"And that's the thing, as a reader you are following along as Kathy describes life in Hailsham. The Guardians, the Gallery for creative works, the Collections of student possessions ... you hear about all of these things and Kathy describes their importance, but all the while you keep thinking that something else is going on here. There are hints and clues that allude to the fact that not all is right with the world, even in the idyllic Hailsham. This just doesn't sound like 90s England. Then all is illuminated to Kathy and the reader. It makes sense of the entire experience of reading the novel. Everything has been slightly off-kilter for a reason and we learn why when we find out just what it was that was special about Kathy, her friends, and the others like them. But I'm not going to tell you what that is ... I'll let Kazuo Ishiguro tell you in his own time as you read the novel."
From the winner of the Nobel Prize in Literature and author of the Booker Prize-winning novel The Remains of the Day comes a devastating novel of innocence, knowledge, and loss. As children Kathy, Ruth, and Tommy were students at Hailsham, an exclusive boarding school secluded in the English countryside. It was a place of mercurial cliques and mysterious rules where teachers were constantly reminding their charges of how special they were. Now, years later, Kathy is a young woman. Ruth and Tommy have reentered her life. And for the first time she is beginning to look back at their shared past and understand just what it is that makes them special--and how that gift will shape the rest of their time together. Suspenseful, moving, beautifully atmospheric, Never Let Me Go is modern classic.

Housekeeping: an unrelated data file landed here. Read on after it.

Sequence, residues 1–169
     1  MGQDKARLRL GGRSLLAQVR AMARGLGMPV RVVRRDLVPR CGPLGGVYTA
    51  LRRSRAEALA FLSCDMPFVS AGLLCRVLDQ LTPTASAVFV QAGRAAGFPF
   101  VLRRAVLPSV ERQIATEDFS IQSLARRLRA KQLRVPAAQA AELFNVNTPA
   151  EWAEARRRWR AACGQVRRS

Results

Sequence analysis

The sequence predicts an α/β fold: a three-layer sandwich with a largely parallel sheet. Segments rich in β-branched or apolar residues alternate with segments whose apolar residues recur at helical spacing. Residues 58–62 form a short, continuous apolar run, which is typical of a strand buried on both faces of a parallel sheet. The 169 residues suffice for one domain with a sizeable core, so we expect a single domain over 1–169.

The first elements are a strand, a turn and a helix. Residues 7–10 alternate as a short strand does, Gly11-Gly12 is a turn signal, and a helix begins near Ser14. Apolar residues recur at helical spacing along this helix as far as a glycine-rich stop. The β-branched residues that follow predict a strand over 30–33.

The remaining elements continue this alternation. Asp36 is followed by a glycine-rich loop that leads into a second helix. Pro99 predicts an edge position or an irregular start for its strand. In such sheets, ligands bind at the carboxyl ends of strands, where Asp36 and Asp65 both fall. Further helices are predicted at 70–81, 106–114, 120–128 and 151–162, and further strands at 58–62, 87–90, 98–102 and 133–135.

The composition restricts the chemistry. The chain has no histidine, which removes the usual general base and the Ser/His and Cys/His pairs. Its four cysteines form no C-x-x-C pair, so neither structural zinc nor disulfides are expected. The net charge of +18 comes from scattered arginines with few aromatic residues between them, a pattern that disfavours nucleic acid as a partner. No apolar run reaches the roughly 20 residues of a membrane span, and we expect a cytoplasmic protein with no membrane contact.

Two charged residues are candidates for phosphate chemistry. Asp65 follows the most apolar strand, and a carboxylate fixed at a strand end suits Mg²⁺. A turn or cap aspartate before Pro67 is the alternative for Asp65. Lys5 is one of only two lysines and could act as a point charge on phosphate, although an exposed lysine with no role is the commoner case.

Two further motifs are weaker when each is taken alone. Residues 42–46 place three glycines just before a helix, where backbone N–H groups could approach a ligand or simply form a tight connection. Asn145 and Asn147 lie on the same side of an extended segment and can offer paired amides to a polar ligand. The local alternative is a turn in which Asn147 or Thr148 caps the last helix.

About the Author
Kazuo Ishiguro is the 2017 winner of the Nobel Prize in Literature. His work has been translated into more than 40 languages. Both The Remains of the Day and Never Let Me Go have sold more than 1 million copies, and both were adapted into highly acclaimed films. Ishiguro's other work includes The Buried Giant, Nocturnes, A Pale View of the Hills, and An Artist of the Floating World.
"A page turner and a heartbreaker, a tour de force of knotted tension and buried anguish.” —Time
“A Gothic tour de force. . . . A tight, deftly controlled story . . . . Just as accomplished [as The Remains of the Day] and, in a very different way, just as melancholy and alarming.” —The New York Times
"Elegaic, deceptively lovely. . . . As always, Ishiguro pulls you under." —Newsweek
“Superbly unsettling, impeccably controlled . . . . The book’s irresistible power comes from Ishiguro’s matchless ability to expose its dark heart in careful increments.” —Entertainment Weekly